Monday, June 20, 2016
Asian Holisim is Happier: And how happy are you?
In each of 1a, 1b, 1c and 1d in the above image, which of the two (left or right) figures resembles most the figure above them? This is a test of happiness!
Fredrickson & Branigan（2005）had subjects watch videos of penguins, nature, abstract sticks, a climbers fall, and bullying to promote: pleasure, contentment, the absence of emotion, fear and anger respectively.
Subjects were then shown the four diagrams 1a, 1b, 1c and 1d above which show a single figure above two others and asked which of the two, left or right most resembles the one above. The right hand figure is made up of the same fundamental building block ■ or ▲, whereas the left hand figure is made of the opposite building block but is arranged holistically in the same way as the figure above.
It was found that the more positive emotions resulted in more holistic (left hand) resemblances as per the graph below (with the emotions in the same order as given above). This suggests that those that see the world holistically are happier and those that see it parts, may be in a more negative affective state.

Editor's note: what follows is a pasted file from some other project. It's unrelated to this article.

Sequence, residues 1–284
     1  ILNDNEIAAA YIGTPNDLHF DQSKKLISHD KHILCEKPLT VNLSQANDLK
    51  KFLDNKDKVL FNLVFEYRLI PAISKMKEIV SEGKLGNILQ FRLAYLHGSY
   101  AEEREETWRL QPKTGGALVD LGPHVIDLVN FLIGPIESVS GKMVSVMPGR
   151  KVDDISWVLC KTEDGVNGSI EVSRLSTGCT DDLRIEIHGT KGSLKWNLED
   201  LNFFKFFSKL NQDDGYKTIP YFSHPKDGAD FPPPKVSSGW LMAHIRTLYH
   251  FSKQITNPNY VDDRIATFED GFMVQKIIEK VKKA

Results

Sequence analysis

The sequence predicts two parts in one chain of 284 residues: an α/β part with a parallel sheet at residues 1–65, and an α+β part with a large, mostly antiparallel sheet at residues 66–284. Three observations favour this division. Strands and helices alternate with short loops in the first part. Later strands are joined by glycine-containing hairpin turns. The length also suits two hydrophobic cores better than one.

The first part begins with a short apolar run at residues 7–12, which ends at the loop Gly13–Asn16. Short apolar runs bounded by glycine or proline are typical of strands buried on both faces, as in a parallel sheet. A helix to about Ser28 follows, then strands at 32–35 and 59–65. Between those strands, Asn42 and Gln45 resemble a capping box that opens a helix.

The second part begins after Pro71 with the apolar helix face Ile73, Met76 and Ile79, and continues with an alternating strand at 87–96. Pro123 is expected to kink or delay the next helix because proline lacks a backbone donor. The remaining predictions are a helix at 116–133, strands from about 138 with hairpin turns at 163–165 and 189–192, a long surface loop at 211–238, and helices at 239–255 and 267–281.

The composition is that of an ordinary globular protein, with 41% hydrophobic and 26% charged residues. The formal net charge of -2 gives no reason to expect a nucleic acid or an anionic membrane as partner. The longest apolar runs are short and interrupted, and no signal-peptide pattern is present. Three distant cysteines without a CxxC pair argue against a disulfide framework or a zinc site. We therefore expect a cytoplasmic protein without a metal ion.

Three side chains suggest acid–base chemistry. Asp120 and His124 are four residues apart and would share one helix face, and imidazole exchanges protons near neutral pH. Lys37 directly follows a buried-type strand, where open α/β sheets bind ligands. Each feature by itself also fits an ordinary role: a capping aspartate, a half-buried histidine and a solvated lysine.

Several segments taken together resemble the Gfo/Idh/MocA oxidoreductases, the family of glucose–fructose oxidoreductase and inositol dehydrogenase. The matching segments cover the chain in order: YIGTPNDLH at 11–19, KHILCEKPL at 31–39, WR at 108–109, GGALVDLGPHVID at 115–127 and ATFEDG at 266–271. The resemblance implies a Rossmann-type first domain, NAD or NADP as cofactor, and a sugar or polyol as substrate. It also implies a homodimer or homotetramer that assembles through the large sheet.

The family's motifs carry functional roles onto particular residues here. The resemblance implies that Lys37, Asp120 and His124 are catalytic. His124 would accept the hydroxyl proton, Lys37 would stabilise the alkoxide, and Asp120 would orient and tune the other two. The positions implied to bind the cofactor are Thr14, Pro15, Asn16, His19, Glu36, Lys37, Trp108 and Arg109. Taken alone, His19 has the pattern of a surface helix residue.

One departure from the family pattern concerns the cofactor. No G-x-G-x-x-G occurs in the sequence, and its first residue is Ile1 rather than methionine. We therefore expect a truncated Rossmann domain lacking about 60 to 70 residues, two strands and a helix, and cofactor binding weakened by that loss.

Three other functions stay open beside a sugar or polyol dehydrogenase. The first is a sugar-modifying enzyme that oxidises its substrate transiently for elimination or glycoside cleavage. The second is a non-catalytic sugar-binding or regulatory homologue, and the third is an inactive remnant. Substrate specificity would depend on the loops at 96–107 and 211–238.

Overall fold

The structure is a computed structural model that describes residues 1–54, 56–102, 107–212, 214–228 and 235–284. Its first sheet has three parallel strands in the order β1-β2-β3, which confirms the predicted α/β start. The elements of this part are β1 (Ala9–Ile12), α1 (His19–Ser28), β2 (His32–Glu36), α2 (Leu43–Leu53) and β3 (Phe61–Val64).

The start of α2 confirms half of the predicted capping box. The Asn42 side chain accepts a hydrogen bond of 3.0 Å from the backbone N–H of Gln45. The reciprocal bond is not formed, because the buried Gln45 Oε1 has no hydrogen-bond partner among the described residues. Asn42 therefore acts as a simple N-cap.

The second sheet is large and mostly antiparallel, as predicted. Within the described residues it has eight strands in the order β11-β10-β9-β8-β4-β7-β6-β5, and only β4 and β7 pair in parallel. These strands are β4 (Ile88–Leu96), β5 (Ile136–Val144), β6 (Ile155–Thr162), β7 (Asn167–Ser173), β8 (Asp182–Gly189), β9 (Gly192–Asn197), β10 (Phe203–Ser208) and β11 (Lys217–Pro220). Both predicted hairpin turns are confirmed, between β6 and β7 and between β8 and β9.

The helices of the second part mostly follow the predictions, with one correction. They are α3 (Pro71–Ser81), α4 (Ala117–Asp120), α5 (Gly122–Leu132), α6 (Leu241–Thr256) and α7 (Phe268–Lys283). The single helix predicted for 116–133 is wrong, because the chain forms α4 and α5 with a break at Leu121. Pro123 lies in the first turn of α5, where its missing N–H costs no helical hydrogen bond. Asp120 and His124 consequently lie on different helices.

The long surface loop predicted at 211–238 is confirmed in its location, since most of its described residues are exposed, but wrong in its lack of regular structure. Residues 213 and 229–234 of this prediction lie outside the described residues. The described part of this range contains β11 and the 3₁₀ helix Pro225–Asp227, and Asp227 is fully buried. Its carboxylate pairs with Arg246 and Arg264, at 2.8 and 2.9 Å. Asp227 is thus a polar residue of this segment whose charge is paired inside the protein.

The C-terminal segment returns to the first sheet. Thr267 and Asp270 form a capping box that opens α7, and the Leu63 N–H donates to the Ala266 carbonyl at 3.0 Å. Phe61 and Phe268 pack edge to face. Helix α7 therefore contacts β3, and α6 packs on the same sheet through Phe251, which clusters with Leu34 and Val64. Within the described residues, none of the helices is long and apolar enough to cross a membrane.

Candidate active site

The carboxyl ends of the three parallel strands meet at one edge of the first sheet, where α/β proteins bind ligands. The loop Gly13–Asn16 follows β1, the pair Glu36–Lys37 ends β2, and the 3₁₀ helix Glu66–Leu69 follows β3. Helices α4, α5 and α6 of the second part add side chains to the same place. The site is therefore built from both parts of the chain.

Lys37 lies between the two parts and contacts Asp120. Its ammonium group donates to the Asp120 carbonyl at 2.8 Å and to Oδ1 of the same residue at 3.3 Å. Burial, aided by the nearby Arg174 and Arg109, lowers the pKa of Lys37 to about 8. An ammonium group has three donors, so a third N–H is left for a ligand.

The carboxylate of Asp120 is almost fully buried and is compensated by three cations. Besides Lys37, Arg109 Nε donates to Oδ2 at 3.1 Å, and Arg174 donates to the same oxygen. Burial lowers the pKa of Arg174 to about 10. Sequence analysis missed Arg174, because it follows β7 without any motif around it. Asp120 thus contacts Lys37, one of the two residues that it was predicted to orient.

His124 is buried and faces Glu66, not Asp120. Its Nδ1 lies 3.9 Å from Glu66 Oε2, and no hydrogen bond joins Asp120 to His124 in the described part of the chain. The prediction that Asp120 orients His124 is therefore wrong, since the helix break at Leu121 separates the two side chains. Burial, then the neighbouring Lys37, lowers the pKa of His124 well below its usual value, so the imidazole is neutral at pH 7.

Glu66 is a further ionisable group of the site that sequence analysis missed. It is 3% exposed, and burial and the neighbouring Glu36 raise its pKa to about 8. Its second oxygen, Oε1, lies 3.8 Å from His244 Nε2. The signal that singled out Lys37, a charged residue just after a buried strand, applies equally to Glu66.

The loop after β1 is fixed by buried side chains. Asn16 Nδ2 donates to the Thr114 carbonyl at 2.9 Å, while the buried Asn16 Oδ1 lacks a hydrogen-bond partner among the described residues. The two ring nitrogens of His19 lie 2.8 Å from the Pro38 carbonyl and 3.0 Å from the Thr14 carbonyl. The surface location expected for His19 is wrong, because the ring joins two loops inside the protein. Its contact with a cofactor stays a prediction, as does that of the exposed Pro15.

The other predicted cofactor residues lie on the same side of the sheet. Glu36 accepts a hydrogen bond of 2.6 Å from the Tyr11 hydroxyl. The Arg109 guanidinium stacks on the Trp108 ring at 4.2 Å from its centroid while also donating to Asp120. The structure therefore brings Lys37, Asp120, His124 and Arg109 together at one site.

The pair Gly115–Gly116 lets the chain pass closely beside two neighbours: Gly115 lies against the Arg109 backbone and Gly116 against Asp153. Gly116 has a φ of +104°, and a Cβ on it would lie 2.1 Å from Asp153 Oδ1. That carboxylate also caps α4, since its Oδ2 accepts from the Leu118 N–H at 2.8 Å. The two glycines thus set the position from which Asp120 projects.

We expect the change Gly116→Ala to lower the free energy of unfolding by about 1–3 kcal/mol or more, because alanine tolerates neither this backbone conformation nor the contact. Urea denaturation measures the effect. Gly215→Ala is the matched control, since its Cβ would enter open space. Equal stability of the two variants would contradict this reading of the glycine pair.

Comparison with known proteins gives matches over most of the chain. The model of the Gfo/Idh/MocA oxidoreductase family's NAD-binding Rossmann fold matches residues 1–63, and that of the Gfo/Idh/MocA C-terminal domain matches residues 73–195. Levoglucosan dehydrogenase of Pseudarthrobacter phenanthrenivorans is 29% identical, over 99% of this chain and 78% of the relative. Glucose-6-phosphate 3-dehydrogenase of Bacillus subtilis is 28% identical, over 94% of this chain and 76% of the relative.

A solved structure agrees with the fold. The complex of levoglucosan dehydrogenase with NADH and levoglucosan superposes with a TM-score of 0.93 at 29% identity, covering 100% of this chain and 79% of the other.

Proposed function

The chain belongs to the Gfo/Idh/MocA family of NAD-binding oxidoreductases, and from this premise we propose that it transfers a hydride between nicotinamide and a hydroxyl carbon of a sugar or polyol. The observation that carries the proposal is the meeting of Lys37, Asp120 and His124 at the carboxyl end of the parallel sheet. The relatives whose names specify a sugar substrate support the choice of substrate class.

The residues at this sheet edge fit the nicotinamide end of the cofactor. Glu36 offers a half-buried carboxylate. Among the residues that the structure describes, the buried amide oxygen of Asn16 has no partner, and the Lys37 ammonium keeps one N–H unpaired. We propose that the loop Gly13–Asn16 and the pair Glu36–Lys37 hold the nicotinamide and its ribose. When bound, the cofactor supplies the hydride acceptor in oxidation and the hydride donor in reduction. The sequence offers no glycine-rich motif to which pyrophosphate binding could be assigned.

Due to the higher suicide rate in Japan, and naff surveys purporting to guage the well-being of a nation based on one culturally laden question, one is often led to believe that the Japanese are bunch of unhappy people. I think this is very misleading. The higher suicide rate in Japan is due in large part to less negative appraisals of choosing the time and place of ones own death. It is further noted that East Asians in particular and Japanese in general tend to see the world in a more holistic way (Masuda & Nisbett, 2001; McKone et al., 2010). I think that this may be in part because the Japanese are in fact happier.
Fredrickson & Branigan（2005）は、ペンギン・自然・抽象的な模様・登山家の事故とイジメのビデオを使って、喜び・満足・無感情・恐怖と怒りの感情を被験者に持たせ、どれだけ全体的⇔局所的な注意を行っているかを調べた。下記のそれぞれの1a, 1b, 1c, 1dにおいて、上にある形状は下の右か左のどちらに似ているかという質問に対して
Fredrickson, B. L., & Branigan, C. (2005). Positive emotions broaden the scope of attention and thought‐action repertoires. Cognition and Emotion, 19(3), 313–332. http://doi.org/10.1080/02699930441000238
Masuda, T., & Nisbett, R. E. (2001). Attending holistically versus analytically: comparing the context sensitivity of Japanese and Americans. Journal of Personality and Social Psychology, 81(5), 922. Retrieved from http://psycnet.apa.org/journals/psp/81/5/922/
McKone, E., Aimola Davies, A., Fernando, D., Aalders, R., Leung, H., Wickramariyaratne, T., & Platow, M. J. (2010). Asia has the global advantage: Race and visual attention. Vision Research, 50(16), 1540–1549. http://doi.org/10.1016/j.visres.2010.05.010
This blog represents the opinions of the author, Timothy Takemoto, and not the opinions of his employer.